A serial killer from Kent who confessed to brutally murdering 11 people is apparently now in an open prison and could be set for release.
Patrick Mackay carried out his killing spree in the 1970s and was convicted and charged with five murders.
He was convicted of three manslaughters on the grounds of diminished responsibility.
Former Detective Inspector Ken Tappenden talks about Mackay
Mackay, who used to live in the Dartford and Gravesend areas as he grew up, has been incarcerated for his crimes for the past 44 years.
He savagely killed elderly women in their homes in London and carried out other killings and returned to Kent near to his old stomping ground and befriended a priest.
Father Anthony Crean was later hacked to death with an axe and left in his blood-filled bath in the village of Shorne.
Mackay, who has been dubbed in a new book as Britain's forgotten serial killer, has also apparently now changed his name, has been in prison longer than any other person country.
In fact, because he has been behind bars for so long, he will put before the parole board and could potentially be freed.
The Parole Board has confirmed a parole review of Mackay is in process.
Should Mackay have the right to walk free? This is what one former Detective Inspector who helped snare him thinks.
Formerly an area commander of Kent Police, Ken Tappenden, was a Detective Inspector at Gravesend when the murder of Father Crean happened in Shorne in 1975.
Mr Tappenden who is now 81 and lives in Rochester remembers Mackay only too well.
He said: "Naturally we had to do a full murder inquiry and about three days after the murder, we obviously suspected Patrick as Father Crean had had his cheque book stolen by Mackay.
"Before that was caught by forging cheques and when he asked Crean to let him off, Crean wouldn't and we had to charge him, so he became a sort of suspect over that type of incident.
"In 1974 prior to that, Patrick had been seriously dangerous at times.
"He had committed a number of offences, he'd committed burglary, armed robbery, not in the way we know but with a house brick.
"He started to beat two kids up on a building site for their watches and injured them.
"But he'd had a bit of a history, he had pulled wings off birds and he had set fire to a tortoise and used it as a car in an outbuilding, things like that.
"At one time he had lived in Gravesend but predominantly most of his living was done in Dartford area but he had a string of convictions by the time he was a young man of sixteen/seventeen.
"And then afterwards of course, he still committed crimes and he was still known to the police and to social services."
So when Father Crean was murdered, the police focused their attentions on Mackay.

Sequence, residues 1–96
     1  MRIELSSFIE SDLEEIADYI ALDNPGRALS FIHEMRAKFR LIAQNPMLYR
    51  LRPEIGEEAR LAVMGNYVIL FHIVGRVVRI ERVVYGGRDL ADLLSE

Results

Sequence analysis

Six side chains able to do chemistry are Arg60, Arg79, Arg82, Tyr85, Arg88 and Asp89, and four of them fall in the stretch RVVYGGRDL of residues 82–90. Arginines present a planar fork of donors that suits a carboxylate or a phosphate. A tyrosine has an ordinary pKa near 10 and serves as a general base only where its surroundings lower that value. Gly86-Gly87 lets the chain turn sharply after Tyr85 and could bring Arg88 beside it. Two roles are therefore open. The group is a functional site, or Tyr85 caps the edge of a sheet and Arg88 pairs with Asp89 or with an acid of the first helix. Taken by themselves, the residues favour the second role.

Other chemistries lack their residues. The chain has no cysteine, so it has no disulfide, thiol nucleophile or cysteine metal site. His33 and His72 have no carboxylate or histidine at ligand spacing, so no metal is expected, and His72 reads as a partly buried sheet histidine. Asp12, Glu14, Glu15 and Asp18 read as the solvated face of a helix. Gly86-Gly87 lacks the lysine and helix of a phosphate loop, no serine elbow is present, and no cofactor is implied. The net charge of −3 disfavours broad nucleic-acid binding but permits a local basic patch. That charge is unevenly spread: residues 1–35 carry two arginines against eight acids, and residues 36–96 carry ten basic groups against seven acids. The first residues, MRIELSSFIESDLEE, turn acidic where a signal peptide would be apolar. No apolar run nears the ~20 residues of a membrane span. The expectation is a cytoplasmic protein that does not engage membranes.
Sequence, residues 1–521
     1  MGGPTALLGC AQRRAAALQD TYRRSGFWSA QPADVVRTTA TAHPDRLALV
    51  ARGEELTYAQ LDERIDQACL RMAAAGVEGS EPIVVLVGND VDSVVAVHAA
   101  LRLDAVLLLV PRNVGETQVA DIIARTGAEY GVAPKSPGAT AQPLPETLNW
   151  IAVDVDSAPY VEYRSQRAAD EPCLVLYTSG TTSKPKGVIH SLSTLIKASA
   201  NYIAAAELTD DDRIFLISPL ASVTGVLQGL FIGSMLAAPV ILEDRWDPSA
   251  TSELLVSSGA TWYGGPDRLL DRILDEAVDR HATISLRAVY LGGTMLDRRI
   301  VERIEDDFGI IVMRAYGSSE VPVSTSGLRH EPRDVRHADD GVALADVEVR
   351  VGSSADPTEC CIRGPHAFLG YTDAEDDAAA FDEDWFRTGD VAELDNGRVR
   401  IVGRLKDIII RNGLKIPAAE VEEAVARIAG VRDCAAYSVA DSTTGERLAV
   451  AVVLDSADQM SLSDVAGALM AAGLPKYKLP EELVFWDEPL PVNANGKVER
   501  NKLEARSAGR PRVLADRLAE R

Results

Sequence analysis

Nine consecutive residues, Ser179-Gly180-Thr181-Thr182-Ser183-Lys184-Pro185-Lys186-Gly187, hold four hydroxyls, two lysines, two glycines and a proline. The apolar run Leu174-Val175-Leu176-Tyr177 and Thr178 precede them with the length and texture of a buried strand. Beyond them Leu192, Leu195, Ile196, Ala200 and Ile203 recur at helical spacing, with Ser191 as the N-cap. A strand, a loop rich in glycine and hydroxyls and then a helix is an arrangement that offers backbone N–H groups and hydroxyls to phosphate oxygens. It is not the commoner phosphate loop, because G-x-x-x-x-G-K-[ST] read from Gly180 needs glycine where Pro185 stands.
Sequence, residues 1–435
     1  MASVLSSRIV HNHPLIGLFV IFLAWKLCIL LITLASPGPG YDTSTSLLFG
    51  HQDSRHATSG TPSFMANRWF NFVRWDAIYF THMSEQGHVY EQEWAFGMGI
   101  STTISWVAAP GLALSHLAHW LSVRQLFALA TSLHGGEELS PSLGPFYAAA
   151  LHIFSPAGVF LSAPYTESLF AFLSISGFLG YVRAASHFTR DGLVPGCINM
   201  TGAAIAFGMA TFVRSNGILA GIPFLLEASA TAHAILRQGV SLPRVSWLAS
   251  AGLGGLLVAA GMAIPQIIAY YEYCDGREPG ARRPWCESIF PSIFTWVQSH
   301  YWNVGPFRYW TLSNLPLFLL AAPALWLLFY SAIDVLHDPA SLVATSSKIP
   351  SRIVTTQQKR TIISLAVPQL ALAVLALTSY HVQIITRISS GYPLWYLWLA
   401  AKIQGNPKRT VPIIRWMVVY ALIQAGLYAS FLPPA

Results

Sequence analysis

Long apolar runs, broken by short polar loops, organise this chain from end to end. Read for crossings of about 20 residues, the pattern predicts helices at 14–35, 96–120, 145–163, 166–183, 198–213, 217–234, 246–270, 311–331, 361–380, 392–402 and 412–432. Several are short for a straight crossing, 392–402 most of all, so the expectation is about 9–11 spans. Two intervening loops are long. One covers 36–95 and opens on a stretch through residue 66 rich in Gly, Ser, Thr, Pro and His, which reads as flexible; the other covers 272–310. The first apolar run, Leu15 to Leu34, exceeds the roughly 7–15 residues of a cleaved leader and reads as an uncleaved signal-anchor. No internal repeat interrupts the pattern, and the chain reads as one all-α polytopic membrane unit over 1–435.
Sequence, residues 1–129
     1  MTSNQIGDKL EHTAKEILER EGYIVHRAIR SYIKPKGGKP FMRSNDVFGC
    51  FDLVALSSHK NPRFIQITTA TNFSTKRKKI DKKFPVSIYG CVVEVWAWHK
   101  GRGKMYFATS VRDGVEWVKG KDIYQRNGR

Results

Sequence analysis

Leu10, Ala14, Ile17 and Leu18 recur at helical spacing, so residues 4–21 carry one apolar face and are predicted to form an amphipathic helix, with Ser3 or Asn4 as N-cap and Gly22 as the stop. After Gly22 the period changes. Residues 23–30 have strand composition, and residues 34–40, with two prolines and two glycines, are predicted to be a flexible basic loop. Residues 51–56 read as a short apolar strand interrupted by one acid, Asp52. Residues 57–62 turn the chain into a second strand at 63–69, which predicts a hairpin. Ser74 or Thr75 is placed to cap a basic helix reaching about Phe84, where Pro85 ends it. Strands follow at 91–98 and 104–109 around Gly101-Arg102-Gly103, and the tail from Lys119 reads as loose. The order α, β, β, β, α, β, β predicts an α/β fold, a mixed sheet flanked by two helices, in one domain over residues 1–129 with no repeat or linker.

Mr Tappenden added: "In 1975 when he had this murder of Father Crean we did centre some of our attention on him.
"We had other suspects as well and within three maybe four days, we had sent detectives to London and within 48 hours they had found him in a house in Clapham as Mackay was co-habiting with a family sometimes.
"He had been working in a roasted chicken shop in Leicester Square but he was living at that time in north London in a hostel.
"When two officers went to the hostel they found Patrick has actually done a runner as he suspected the police might come and they took possession of memorabilia some pieces of his property and much of it was from the Nazi era and he would carry that around.
"It appeared he had a bit of a hatred for that period of time."
However, Mackay was not found immediately and eventually three officers went to the house in Clapham.
Mr Tappenden added: "They didn't know where the house was but they found out through electoral roll and councils and knocked the door and Mackay was up in the hallway.
"They went in and arrested him for the murder of Father Crean and he admitted it before he even got in the back of the car.
"I had met Patrick before that when he had come into custody on other charges so to speak but on that occasion, two other senior officers took over the interview of him at Northfleet Police Station and I remained at Gravesend doing the inquiry with our teams.
"At one time I did go to court with him and Mackay said 'do my shoelaces up'... I looked at his eyes and I decided I was not going to do the shoelaces up because his mother had upset him that day and there was no doubt he was switching into a strange kind of trance and mood.